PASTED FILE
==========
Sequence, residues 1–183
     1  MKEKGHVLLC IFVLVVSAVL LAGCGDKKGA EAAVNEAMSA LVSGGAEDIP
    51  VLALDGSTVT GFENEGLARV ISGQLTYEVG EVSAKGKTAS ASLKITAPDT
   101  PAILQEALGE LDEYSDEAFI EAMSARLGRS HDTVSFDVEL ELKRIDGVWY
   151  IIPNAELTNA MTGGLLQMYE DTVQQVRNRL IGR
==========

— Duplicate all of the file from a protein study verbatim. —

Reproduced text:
Sequence, residues 1–183
     1  MKEKGHVLLC IFVLVVSAVL LAGCGDKKGA EAAVNEAMSA LVSGGAEDIP
    51  VLALDGSTVT GFENEGLARV ISGQLTYEVG EVSAKGKTAS ASLKITAPDT
   101  PAILQEALGE LDEYSDEAFI EAMSARLGRS HDTVSFDVEL ELKRIDGVWY
   151  IIPNAELTNA MTGGLLQMYE DTVQQVRNRL IGR